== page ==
The first explanation would be that Thomas didn’t want it to be true. Many peoples’ lack of belief is due to an unwilling heart. They see no evidence for God because they have closed their eyes. If they were honest they would say, “I don’t want it to be true, because if it is then I’d have to change how I live my life.” Jesus says if we ask, we’ll receive; if we seek, we’ll find; and if we knock, the door will be opened to us. But this sort of person doesn’t ask because they don’t want good answers, they don’t seek because they’re afraid of what they’ll find, and they don’t knock because they don’t want to go in.

In the Book of Revelation, Jesus says, “Behold, I stand at the door and knock.” He knocks on the door of every human soul. But we can lock and block our door; with a big-screen TV of entertainment, or a bookshelf of learning, a trophy case of accomplishments, a heavy safe of accumulated wealth, or with several large-leafy plants so that a person may enjoy the beauty of creation while ignoring the Creator. If we insist upon self-centered ingratitude, the Lord will respect our freedom but we’ll be woefully unsatisfied forever.

But this is was not St. Thomas. He had sacrificed a lot to be Jesus’ apostle and had aspired to give him his all. On one occasion Jesus said, “Let us go back to Judea,” but the disciples replied, “Rabbi, the Jews were just trying to stone you, and you want to go back there?” When Jesus insisted on going, “Thomas, called Didymus, said to his fellow disciples, ‘Let us also go to die with him.’” At the Last Supper, when Jesus said, “Where I am going you know the way,” Thomas replied, “Master, we do not know where you are going; how can we know the way?” He was distressed because he loved Jesus and wanted to follow him anywhere. Thomas wanted the Resurrection to be true, but there was some other reason he wouldn’t or couldn’t believe.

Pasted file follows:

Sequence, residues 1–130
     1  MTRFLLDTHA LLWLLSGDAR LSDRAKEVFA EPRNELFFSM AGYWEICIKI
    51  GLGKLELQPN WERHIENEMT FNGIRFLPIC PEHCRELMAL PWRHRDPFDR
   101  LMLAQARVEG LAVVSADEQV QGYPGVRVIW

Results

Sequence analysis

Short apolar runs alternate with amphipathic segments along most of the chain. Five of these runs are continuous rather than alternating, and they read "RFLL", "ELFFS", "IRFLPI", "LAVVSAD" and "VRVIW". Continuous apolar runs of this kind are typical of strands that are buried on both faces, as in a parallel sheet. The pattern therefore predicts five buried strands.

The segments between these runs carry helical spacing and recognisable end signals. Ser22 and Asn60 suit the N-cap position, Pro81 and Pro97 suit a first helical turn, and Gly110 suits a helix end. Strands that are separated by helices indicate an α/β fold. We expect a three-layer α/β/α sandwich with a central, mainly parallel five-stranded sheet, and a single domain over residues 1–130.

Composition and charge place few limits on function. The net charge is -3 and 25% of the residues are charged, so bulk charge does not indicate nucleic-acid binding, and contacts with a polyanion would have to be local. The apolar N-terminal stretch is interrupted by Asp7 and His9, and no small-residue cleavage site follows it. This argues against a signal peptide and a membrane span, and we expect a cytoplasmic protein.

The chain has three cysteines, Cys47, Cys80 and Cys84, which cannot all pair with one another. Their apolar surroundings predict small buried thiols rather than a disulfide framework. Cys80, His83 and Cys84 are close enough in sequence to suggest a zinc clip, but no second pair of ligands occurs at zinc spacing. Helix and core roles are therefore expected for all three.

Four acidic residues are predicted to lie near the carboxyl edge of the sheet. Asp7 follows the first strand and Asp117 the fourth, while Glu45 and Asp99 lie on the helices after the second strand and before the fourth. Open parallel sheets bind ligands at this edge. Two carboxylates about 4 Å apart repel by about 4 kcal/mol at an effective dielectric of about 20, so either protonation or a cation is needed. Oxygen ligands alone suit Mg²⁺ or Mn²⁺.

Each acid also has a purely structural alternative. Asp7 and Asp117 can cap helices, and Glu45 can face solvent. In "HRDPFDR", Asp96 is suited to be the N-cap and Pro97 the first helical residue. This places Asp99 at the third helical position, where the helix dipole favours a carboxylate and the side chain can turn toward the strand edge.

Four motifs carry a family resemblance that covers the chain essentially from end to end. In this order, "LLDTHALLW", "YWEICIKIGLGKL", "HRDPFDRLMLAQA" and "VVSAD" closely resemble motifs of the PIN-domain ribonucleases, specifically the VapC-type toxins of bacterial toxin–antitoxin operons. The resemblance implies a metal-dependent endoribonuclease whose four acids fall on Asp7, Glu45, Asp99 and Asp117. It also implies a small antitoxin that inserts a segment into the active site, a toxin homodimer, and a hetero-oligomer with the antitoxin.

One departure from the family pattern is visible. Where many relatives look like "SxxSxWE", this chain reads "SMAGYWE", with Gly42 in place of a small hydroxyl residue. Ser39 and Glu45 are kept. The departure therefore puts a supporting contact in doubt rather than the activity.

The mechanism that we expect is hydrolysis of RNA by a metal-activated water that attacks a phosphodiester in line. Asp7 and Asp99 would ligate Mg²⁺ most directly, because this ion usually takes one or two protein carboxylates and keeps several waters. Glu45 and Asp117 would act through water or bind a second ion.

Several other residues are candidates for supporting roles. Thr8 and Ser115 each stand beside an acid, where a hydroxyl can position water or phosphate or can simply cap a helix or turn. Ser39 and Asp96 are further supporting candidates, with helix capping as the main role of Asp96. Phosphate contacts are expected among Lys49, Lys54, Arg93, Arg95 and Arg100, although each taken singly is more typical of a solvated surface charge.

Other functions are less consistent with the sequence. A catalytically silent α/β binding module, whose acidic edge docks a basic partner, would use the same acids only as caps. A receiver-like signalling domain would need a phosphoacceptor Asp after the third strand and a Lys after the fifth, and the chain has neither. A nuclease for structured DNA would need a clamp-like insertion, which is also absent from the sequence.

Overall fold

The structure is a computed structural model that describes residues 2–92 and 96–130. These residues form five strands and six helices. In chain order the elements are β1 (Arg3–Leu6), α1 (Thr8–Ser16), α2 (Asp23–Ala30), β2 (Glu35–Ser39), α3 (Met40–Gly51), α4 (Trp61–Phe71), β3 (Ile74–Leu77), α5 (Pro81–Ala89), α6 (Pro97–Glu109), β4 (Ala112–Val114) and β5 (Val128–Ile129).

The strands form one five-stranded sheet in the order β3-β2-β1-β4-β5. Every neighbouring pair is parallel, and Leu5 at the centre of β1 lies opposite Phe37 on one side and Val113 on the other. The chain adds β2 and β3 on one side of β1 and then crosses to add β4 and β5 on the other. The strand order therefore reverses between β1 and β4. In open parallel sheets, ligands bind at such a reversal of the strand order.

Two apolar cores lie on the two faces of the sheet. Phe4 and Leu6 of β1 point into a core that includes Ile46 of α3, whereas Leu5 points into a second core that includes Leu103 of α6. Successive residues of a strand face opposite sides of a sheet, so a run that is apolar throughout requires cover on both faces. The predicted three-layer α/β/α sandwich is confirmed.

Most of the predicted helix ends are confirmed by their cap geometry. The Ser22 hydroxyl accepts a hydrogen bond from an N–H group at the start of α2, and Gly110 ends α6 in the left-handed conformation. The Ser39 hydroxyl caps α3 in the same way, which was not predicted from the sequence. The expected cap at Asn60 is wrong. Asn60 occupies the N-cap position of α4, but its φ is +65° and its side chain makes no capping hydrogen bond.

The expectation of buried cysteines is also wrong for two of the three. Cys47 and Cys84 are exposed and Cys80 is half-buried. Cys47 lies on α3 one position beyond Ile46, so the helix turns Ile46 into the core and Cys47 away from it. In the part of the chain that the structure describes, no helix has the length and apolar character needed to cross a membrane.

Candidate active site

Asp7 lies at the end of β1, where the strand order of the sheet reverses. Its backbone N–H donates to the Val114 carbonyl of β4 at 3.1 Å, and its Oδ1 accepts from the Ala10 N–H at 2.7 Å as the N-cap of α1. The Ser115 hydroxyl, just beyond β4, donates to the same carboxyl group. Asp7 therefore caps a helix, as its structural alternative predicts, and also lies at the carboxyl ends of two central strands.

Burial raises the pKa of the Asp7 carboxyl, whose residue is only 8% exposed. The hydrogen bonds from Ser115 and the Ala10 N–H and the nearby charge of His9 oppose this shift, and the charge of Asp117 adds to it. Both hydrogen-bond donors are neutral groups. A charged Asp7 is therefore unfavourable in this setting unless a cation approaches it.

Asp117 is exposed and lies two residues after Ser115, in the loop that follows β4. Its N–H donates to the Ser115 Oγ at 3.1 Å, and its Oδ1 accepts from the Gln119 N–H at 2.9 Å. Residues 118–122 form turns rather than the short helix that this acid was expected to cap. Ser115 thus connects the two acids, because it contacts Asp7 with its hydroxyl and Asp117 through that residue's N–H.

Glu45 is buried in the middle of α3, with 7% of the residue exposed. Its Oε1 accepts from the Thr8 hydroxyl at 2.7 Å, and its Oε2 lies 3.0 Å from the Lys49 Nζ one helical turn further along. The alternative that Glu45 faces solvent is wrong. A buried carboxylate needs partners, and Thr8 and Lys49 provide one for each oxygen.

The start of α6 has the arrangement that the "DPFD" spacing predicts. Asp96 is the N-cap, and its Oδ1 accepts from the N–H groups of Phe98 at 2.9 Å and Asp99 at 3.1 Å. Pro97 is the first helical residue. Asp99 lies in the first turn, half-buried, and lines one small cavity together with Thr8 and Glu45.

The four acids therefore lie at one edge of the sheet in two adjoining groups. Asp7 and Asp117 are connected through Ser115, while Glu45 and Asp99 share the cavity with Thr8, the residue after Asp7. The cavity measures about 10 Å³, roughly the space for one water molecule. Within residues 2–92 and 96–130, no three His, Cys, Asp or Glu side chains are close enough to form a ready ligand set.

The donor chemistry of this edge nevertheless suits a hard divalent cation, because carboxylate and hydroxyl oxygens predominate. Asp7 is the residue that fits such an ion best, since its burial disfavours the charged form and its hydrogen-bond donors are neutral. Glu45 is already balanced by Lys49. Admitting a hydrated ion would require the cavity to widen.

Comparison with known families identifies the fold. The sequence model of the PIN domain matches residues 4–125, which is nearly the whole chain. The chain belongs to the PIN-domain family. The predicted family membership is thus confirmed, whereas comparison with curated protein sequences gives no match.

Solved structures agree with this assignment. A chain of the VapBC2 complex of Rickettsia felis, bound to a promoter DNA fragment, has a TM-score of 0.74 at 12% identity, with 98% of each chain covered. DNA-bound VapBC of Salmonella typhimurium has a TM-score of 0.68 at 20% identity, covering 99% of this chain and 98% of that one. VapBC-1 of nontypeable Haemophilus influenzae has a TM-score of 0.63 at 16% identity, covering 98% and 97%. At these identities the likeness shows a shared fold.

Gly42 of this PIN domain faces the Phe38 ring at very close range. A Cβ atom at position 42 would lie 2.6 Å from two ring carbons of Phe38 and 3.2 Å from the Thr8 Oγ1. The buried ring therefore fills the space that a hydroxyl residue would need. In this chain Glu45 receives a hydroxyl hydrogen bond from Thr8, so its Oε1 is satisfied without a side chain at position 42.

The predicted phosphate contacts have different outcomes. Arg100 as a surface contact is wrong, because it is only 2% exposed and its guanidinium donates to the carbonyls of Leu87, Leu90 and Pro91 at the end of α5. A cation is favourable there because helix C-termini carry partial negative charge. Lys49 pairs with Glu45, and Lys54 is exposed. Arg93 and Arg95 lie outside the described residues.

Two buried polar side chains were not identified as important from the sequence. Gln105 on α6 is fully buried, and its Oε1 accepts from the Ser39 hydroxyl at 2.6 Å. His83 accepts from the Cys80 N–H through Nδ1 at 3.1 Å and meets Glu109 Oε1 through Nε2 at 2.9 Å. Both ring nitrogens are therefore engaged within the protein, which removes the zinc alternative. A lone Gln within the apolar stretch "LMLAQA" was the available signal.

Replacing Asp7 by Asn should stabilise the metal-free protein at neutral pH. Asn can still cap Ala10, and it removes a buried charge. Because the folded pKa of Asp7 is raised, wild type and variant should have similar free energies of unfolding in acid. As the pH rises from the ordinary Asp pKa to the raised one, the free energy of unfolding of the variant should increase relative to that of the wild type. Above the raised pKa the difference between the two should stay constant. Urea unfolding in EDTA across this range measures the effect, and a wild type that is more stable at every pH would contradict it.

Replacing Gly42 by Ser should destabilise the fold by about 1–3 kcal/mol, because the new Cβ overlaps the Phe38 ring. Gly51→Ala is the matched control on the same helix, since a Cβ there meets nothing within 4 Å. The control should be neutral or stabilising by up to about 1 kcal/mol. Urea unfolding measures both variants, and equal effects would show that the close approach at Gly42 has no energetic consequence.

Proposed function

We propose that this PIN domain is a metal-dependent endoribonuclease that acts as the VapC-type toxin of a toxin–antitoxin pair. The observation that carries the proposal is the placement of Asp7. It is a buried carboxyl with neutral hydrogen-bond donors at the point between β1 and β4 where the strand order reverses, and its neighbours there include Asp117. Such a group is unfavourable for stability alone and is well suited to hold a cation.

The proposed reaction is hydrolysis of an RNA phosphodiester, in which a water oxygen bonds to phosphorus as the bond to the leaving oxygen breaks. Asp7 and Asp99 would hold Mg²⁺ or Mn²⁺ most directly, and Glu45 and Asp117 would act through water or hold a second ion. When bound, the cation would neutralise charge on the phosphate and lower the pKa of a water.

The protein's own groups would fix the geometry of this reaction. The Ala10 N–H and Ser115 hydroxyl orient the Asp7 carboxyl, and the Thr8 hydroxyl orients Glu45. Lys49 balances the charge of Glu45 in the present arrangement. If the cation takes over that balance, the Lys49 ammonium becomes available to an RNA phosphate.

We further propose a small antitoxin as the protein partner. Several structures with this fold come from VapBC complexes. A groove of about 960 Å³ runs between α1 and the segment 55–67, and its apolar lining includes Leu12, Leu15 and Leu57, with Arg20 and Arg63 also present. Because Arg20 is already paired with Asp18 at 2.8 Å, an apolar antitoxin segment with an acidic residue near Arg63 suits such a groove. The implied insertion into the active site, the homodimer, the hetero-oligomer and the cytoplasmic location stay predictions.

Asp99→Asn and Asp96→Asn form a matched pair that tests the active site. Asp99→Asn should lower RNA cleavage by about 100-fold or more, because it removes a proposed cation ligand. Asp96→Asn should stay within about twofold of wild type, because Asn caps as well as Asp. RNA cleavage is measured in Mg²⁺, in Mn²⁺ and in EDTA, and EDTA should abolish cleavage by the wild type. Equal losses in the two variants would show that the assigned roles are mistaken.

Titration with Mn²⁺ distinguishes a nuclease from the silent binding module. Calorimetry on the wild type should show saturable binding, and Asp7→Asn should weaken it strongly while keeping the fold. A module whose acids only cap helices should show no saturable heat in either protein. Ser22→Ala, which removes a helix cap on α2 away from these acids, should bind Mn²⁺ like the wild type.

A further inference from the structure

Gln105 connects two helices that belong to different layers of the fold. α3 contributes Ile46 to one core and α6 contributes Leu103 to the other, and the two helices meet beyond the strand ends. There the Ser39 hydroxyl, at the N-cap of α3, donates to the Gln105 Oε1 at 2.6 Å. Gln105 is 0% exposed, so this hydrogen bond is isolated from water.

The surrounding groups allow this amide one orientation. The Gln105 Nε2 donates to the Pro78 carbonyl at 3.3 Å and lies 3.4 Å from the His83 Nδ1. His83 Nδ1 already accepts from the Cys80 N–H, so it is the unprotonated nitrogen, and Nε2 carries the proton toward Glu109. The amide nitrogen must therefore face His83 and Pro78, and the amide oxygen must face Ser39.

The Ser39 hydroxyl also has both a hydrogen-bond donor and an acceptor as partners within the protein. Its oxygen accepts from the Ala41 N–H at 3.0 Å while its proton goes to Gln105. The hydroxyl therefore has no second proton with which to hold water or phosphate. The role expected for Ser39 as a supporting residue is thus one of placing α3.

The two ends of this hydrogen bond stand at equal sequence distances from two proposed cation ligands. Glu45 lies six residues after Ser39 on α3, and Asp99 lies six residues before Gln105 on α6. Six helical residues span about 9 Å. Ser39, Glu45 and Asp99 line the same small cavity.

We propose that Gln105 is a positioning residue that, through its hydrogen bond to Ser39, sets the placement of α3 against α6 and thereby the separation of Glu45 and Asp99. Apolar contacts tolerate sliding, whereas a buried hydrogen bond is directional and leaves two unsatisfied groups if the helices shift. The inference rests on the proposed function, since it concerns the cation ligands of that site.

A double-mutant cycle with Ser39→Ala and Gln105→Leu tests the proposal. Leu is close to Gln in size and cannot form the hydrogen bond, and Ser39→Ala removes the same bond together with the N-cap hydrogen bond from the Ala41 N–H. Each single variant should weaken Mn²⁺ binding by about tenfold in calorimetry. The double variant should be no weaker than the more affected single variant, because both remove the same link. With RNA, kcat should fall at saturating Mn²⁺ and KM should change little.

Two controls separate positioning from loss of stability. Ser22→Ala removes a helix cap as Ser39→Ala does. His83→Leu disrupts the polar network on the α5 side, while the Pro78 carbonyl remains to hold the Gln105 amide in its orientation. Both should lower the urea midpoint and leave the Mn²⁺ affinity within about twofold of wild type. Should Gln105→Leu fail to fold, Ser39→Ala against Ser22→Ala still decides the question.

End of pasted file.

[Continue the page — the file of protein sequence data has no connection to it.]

A second theory for why Thomas was so slow to believe is that he was skeptically-minded. St. Thomas’ nickname, as you’ve heard it now a couple of times, was “Didymus.” In Greek, Didymus means “twin.” How was Thomas a twin? Scripture doesn’t say. Perhaps Thomas had a twin brother he had been mistaken for many times. In some icons of Jesus with his apostles, one of the apostles looks just like Jesus. Such art imagines that Thomas shared a twin likeness to the Lord. In either case, one could understand his initial skepticism about people seeing Jesus resurrected. “Nah. You guys saw somebody else.”

But Thomas has sufficient evidence to believe his friends. They are not claiming to have seen Jesus across the marketplace or walking through a field at dusk. (Neither Thomas nor we are expected to have blind faith, but to trust in trustworthy persons and things.) The other apostles are saying, “It’s true Thomas! He knew us, we saw his wounds!” Yet Thomas replies, “Unless I see the mark of the nails in his hands and put my finger into the nailmarks and put my hand into his side, I will not believe.” Why is Thomas so being obstinate?

The third (and I think most likely) explanation for why Thomas was so slow to believe in the Resurrection was that he hurt too much trust again. Who was Jesus to Thomas? He was Thomas’ hero, his admired teacher, his dearly beloved friend. Thomas thought Jesus would be the savior and messianic king of Israel, but Thomas’ great hope was murdered on Good Friday. Imagine Thomas’ prayer after experiencing that. “My God, how could you let this happen? He was innocent, he was so good! He was the best man I’ve ever known, and you let Him die! Why? How could do that to him? How could you do this to me?”